Julia Chan

Inclusive Redress

My name is Julia Chan, daughter of Charles and Mary Chan. I am a proud 3rd generation Chinese Canadian. Being proud did not come without a lot of thought and soul searching. Back at the turn of the last century when my grandfather began his journey to Canada, the first obstacle he encountered was the Head Tax. This unjust tax was legislated by the Parliament of the time. It became institutionalized discrimination against one ethnic group only – the Chinese. This tax was enacted to discourage and stop further Chinese immigration into Canada.

Implementing the exorbitant $500 tax became outright discrimination against the Chinese people and is one of Canada’s shameful chapters in our history.

Getting back to my grandfather. From what my mother recollects, she remembers her father talking about working as a ‘houseboy’ in one of the big houses in Shaughnessy.

His main job was to shovel coal into the furnace around the clock in order to keep the house warm.

One of his other duties was to babysit the landlord’s young baby.

My grandfather, Wong Thick Hen passed away many years ago, long before I was born. His legend barely survives him. And so I dedicate this essay to him.

I was born in 1982, and what I know about my family background is passed to me by my mother. She has told me the story of the houseboy in the Vancouver’s Shaughnessy. My mother can barely recall the very sketchy details heard spoken while my grandparents discussed the Head Tax. She heard how onerous it was and how difficult it was to amass the large amount. It took my grandfather many, many years to pay off his debt. She also heard that my grandfather was extremely frugal and remained frugal probably because of this, throughout his life. My mother also remembers her parents telling each other to vote, as the franchise had only recently been restored to the Chinese. Up to their last days, my grandparents continued to exercise their right to vote, vowing never again, to be denied the right to vote. Because grandfather passed away before I was born, I regret not being able to meet him and to hear him personally tell me stories of his struggles.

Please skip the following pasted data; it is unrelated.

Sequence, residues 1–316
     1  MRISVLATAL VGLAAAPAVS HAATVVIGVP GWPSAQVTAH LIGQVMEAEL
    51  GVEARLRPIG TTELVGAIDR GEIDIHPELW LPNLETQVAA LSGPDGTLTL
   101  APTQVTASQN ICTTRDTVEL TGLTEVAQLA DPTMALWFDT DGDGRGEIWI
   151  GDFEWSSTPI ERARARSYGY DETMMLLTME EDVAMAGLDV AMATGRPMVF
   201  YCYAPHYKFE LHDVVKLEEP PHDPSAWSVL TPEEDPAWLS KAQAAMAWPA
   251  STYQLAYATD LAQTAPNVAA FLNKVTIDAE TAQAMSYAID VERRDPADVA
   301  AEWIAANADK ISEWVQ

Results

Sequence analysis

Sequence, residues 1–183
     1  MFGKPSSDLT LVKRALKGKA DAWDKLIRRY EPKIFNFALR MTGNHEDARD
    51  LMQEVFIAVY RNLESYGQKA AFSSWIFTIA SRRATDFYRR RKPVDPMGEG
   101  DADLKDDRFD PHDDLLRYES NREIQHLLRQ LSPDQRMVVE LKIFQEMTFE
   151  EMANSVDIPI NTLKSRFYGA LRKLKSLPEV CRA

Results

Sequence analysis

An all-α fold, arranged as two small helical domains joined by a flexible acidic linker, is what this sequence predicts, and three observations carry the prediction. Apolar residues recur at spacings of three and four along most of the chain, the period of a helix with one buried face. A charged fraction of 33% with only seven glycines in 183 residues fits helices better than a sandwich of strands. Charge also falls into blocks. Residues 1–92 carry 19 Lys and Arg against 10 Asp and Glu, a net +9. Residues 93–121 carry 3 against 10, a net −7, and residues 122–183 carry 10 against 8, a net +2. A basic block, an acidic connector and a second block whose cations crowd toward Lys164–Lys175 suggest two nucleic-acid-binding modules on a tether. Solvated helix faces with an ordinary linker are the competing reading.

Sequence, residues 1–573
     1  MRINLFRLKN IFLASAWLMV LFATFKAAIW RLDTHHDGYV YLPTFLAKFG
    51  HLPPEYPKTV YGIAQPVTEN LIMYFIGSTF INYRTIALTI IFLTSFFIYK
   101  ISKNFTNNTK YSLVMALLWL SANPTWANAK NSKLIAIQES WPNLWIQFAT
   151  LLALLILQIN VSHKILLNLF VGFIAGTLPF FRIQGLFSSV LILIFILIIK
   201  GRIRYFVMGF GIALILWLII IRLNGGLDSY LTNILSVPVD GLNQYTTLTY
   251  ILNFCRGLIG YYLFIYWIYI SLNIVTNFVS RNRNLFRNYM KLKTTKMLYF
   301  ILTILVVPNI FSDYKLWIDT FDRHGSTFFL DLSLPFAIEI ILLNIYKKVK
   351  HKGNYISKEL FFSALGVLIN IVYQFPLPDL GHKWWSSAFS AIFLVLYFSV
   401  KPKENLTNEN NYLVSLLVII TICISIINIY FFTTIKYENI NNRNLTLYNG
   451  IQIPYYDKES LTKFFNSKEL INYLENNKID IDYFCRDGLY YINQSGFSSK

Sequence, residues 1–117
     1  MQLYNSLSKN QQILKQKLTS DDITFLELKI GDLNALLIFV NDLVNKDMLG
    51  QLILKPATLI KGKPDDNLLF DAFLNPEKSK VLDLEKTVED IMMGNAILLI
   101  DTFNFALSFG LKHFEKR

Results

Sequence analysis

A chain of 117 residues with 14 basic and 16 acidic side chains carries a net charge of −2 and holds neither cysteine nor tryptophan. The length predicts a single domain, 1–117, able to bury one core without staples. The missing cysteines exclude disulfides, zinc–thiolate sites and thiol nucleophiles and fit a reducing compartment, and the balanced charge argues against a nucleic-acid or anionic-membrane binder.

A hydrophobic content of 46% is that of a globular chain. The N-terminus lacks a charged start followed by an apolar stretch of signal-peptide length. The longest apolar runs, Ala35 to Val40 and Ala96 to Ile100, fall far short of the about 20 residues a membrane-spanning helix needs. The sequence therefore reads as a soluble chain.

After hearing these stories, there is one thing that really saddens me. It is the fact that I do not know what my Grandfather looks like. Only a few black and white faded photos exist and the man staring back at me is a stranger.

After awhile, my mother would sigh: “Your grandfather was discriminated against 100 years ago.” Today, in 2012, his descendants are also being discriminated all over again, for a second time.

With surprise, I ask what is she saying? She begins, the Harper government offered an apology in 2006, to make amends and to acknowledge the injustice of the Head Tax.

There were some redress payments, but the public does not know this – only around 785 living Head Tax payers and surviving spouses actually qualified to receive it. But my grandfather died over 50 years ago. He wasn’t alive when Mr. Harper made the apology offering redress to only living Head Tax payers. This is not right. This is not a complete redress. My mother reminds me that Head Tax families are being discriminated all over again, for the second time.

As mentioned, I am a proud Canadian, but at the same, I am also ashamed to be Canadian. Being a 3rd generation Chinese, I find it difficult to understand why only the Chinese people were targeted back then. This Head Tax has been humiliating to my family and me. Such a racist and discriminatory bill should never have been passed.

We should learn from our past. We should be able to review our history, take it apart and correct it. We should be able to make amends. When an employer does something wrong, our judicial system has them apologize, and corrects the behavior, and often pays a fine.

The case of my grandfather paying the Head Tax should be no different. The Head Tax he paid was a grave injustice. He paid the Head Tax to the government, who then profited from the money, and this is wrong. My mother strongly believes the current government should begin to publicly acknowledge our elderly sons and daughters of the Head Tax Payers of long ago in order to begin a healing process and by sincerely working together for an inclusive redress. Notice, I am stating, inclusive. 785 Head Tax payers out of 82,000 payers is not inclusive.

At the same time, I am also proud that Canada has come a long way and is highly respected internationally as being a champion of human rights. But for the elderly Head Tax descendants, the feeling of being left out and ignored is still happening today.

What do I believe should be Government’s next step to make amends? Primarily, the Government should start by acknowledging all Head Tax families. Do not cast these people aside.

As I conclude this essay, I want to thank my grandfather for coming to Canada. For despite the appalling Head Tax, my grandfather was able to survive. Without him setting up roots here, I would not be here today and I would not be able to live the life that I enjoy today. I thank my mother for telling me the stories of my late grandparents. I am very fortunate that my grandfather chose Canada so that my mother could grow up here.

As a last word, I look forward to the Government coming to the table, to do the right thing – bring closure to the remaining Head Tax families and descendants, of which I am one.

For pictures of Julia’s family, please click here: Julia Chan pictures

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